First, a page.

This behaviour matched what the team saw in the hippocampi of the mice - the brain regions that record memories. In healthy mice, the red and yellow neurons overlapped, showing that the mice were retrieving the lemon-shock memory from the same place it had been stored. But in the Alzheimer's mice, different cells glowed red during recall, suggesting that they were calling up the wrong memories. This might help explain why people with Alzheimer's disease commonly experience false memories.
Using a genetic engineering technique called optogenetics, the team went on to reactivate the lemon-shock memory in the Alzheimer's mice. By shining a blue laser down a fibre optic cable into the brain, they were able to stimulate the yellow memory-storing neurons, prompting the mice to freeze when they smelled the lemon scent. This shows that "lost" memories may still exist in the brain, and can be recovered. Optogenetics is not a technique that can be used in people yet, because it isn't yet safe or practical to tinker with our neurons or stick lasers in our brains. But in the future, targeted drugs or techniques like deep-brain stimulation may help people with Alzheimer's access their forgotten memories. The next step will be to confirm that the same memory storage and retrieval mechanisms exist in people with Alzheimer's disease, because mouse models do not perfectly reflect the condition in humans. In particular, the number of neurons that die in mouse models of Alzheimer's disease is far lower than in humans.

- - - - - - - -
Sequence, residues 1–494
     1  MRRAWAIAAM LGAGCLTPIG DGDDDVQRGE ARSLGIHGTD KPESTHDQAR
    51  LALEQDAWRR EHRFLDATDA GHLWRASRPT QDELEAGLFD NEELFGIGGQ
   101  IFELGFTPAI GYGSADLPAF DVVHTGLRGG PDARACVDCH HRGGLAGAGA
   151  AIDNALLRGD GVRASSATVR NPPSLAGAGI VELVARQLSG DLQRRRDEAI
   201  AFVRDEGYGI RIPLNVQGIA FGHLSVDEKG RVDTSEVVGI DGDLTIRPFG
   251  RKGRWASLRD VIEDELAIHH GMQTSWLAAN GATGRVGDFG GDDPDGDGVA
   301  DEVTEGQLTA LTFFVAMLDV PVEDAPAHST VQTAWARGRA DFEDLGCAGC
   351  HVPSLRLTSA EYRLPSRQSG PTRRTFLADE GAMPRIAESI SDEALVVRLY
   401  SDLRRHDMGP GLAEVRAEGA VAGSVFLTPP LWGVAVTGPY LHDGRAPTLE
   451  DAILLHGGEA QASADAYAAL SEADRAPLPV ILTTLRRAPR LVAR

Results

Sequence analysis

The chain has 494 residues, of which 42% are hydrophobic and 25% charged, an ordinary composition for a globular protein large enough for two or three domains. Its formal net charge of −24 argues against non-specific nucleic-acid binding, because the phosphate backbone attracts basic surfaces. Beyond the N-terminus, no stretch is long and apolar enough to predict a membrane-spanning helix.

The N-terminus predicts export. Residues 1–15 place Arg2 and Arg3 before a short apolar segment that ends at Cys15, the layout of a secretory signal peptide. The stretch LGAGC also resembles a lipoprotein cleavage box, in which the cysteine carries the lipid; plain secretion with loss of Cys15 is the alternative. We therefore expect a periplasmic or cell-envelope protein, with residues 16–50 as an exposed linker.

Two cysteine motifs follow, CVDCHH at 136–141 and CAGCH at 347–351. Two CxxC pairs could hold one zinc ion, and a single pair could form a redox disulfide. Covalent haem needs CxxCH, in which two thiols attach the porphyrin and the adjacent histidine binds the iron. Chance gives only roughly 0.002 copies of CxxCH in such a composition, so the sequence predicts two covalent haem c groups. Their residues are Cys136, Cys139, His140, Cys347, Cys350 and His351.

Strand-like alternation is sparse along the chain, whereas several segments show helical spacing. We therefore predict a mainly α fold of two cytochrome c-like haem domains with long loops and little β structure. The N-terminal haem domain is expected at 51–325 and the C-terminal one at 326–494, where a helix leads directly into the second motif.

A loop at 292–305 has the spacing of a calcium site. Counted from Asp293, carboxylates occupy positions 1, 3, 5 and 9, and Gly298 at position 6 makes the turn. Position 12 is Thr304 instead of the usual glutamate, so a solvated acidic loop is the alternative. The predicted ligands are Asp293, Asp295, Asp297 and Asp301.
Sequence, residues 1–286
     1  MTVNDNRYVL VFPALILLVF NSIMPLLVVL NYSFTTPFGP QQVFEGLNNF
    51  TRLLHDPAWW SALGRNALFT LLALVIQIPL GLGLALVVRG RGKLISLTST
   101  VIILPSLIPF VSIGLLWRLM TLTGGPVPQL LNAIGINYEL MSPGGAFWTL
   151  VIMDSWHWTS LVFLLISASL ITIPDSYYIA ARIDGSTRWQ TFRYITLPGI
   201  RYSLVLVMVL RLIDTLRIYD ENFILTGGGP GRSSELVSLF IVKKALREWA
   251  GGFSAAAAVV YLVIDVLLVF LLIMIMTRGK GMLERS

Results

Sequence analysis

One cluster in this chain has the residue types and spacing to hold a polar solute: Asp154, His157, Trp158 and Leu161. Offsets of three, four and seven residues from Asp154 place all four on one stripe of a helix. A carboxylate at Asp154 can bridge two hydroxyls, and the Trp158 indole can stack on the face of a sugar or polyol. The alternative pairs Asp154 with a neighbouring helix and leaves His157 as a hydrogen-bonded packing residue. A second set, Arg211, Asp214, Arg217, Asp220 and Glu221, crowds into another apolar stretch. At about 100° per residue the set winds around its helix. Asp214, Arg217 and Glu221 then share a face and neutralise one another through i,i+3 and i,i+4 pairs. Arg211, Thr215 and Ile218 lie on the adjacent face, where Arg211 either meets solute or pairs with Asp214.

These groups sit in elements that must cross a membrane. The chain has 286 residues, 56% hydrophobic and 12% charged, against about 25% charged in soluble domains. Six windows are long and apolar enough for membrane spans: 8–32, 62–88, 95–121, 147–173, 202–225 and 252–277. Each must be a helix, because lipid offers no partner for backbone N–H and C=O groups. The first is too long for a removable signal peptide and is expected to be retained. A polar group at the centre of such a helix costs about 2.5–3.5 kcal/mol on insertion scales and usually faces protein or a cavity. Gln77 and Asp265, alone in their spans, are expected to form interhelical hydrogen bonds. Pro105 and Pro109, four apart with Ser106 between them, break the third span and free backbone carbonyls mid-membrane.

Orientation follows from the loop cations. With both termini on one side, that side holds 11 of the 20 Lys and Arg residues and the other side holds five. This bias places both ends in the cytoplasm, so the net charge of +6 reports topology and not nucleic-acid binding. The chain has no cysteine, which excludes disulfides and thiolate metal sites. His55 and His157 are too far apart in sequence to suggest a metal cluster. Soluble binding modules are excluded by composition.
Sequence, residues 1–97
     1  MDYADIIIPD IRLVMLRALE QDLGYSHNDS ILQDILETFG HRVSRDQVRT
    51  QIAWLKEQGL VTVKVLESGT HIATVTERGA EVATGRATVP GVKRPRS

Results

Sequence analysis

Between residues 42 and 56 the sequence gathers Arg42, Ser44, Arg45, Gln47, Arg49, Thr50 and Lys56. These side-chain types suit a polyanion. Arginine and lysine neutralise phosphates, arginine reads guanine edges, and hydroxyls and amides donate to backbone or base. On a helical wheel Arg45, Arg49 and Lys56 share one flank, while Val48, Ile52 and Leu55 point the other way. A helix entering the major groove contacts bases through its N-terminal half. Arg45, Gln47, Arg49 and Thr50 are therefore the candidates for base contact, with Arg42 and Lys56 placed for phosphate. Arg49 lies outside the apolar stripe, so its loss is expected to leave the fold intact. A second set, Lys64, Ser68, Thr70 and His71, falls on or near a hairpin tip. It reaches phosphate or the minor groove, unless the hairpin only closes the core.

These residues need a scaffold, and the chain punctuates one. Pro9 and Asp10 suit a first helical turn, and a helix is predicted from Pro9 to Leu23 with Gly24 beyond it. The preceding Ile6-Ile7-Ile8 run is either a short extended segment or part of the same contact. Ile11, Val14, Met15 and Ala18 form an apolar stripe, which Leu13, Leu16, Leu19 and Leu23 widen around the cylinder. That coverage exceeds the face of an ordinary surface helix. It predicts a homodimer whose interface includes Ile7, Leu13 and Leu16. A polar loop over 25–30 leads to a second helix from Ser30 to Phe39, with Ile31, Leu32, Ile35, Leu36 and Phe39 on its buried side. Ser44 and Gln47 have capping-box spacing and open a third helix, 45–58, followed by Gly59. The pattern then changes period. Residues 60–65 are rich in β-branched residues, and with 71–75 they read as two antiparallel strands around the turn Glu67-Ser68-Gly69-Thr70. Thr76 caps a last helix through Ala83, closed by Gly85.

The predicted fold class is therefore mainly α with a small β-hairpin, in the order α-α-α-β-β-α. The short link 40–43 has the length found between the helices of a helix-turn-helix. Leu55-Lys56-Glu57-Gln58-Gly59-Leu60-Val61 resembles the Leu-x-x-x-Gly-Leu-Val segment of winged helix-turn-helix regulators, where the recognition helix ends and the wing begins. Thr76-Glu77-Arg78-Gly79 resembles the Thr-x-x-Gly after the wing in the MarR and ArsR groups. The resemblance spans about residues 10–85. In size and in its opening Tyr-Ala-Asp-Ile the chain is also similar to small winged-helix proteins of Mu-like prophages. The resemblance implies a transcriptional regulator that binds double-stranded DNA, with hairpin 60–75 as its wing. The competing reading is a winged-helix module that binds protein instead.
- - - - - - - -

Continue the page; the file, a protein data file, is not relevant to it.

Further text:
Alzheimer's disease (AD) is a prevalent neurodegenerative disorder characterized by amyloid-beta (Aβ) plaques and tau neurofibrillary tangles. APPswe/PS1dE9 (APP/PS1) mice have been developed as an AD model and are characterized by plaque formation at 4-6 months of age. Here, we sought to better understand AD-related cognitive decline by characterizing various types of memory. In order to better understand how memory declines with AD, APP/PS1 mice were bred with ArcCreERT2 mice. In this line, neural ensembles activated during memory encoding can be indelibly tagged and directly compared with neural ensembles activated during memory retrieval (i.e., memory traces/engrams).
We first administered a battery of tests examining depressive- and anxiety-like behaviors, as well as spatial, social, and cognitive memory to APP/PS1 × ArcCreERT2 × channelrhodopsin (ChR2)-enhanced yellow fluorescent protein (EYFP) mice. Dentate gyrus (DG) neural ensembles were then optogenetically stimulated in these mice to improve memory impairment. AD mice had the most extensive differences in fear memory, as assessed by contextual fear conditioning (CFC), which was accompanied by impaired DG memory traces. Optogenetic stimulation of DG neural ensembles representing a CFC memory increased memory retrieval in the appropriate context in AD mice when compared with control mice. Moreover, optogenetic stimulation facilitated reactivation of the neural ensembles that were previously activated during memory encoding. These data suggest that activating previously learned DG memory traces can rescue cognitive impairments and point to DG manipulation as a potential target to treat memory loss commonly seen in AD.